Another danger signal, and one greatly commented on at length, was the stock market boom. Excess credit is much like excess water, it must find an outlet. Every credit boom I know of eventually triggered a stock market boom that inevitably resulted in a speculative frenzy, sometimes causing stock prices to reach stratospheric levels, much like Wall Street in the late nineties.

Shares are titles to capital goods. It follows, according to economic theory, that the discounted anticipated earnings of those shares determine the value of the companies that issued them. Now does anyone still believe that the massive gains in stock prices were justified by future earnings? Or that price earning ratios of 32 were justified? Take, for example, Amazon whose shares traded at $US9 in May 1997; they reached $US320 in January 1999, a 3,455.6 per cent rise. Last month they were trading at about $US77.

It has to be emphasised that all economic activity is speculative. It cannot be otherwise in an uncertain world. But there is speculation and speculation. The latter is what we witnessed on Wall Street. This speculation was fuelled by the Fed's easy credit policies that generated a "quick-buck" mentality that knew it was playing musical chairs with very few chairs but lots of players. Large daily share turnovers in certain companies strongly suggested that speculators were aiming at short-term profits before the boom bust. That the Fed realised monetary expansion was responsible for the situation was admitted by Greenspan when he pointed to the effects of the "flood of liquidity" into the US economy.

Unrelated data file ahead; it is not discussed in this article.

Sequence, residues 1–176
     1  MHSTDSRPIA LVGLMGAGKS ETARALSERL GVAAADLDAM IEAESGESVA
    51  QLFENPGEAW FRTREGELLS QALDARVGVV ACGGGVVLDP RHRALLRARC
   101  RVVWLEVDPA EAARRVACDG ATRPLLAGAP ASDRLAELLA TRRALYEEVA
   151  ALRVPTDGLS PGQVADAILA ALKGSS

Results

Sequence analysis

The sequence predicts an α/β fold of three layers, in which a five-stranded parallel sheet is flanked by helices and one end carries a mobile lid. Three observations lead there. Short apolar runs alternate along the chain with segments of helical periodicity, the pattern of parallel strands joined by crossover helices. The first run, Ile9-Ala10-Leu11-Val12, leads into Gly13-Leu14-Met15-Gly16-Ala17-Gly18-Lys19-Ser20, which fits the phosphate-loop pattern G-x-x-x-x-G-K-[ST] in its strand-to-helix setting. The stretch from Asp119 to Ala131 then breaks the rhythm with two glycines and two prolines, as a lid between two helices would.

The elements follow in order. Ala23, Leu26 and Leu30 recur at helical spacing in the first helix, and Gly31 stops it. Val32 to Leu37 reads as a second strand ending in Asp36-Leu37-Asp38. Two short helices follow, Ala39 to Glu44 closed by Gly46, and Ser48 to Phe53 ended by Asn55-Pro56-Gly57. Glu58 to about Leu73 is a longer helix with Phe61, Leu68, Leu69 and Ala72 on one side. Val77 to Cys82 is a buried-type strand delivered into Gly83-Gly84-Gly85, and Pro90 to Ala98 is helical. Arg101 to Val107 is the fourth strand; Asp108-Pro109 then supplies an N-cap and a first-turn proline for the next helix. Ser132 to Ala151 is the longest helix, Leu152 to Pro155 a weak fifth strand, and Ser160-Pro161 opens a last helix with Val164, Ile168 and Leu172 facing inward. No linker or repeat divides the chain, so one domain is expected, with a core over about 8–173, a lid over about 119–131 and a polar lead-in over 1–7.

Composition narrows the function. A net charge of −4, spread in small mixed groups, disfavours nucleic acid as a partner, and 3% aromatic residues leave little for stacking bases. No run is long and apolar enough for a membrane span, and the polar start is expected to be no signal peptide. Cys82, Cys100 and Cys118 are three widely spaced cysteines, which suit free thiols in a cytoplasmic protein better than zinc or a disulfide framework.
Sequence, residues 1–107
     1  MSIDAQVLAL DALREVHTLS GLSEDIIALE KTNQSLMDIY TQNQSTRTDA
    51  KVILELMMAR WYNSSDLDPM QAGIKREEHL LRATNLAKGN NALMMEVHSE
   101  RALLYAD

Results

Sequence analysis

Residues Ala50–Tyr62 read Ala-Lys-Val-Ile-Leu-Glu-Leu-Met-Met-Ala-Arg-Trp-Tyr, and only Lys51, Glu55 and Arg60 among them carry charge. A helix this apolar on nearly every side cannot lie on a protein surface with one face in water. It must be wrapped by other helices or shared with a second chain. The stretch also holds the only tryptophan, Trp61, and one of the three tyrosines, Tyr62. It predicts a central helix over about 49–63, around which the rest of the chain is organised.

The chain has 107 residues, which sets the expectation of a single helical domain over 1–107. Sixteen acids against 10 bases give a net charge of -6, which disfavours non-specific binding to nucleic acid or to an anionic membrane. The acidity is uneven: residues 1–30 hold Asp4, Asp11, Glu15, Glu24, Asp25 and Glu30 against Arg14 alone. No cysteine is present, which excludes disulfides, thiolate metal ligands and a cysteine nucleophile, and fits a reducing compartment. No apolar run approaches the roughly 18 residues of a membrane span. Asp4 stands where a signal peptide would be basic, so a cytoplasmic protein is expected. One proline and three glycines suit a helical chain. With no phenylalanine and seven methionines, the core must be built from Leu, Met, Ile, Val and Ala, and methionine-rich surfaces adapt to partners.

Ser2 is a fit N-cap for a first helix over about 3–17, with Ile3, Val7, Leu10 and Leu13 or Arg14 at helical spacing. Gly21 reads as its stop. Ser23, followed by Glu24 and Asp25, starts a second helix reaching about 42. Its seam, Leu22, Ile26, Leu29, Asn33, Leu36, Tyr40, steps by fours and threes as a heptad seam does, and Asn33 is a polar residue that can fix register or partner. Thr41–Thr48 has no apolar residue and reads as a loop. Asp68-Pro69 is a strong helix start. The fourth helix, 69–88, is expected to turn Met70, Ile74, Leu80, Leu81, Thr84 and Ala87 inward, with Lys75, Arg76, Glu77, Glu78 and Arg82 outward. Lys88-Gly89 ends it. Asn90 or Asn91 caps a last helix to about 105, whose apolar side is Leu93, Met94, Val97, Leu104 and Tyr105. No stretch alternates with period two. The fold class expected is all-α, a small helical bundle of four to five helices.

When the necessary economic adjustments were finally made many people once again blamed a stock market crash for the recession. And once again they were wrong. In July 1929, about five months before the October crash, the US economy was already going into a depression: manufacturing was slowing down, output was falling, layoffs rising and capital utilisation was declining.

Bernanke is said to be an expert on the Great Depression and that it has shaped his thinking about the role of the Fed. Be that as it may, Bernanke's actions suggest that far from absorbing the lessons of the 1930s he has in fact hammered them into a Keynesian mould. And this is why we just got another rates cut.



Author: Gerard Jackson

Gerard Jackson

Gerard Jackson is Brookes economics editor.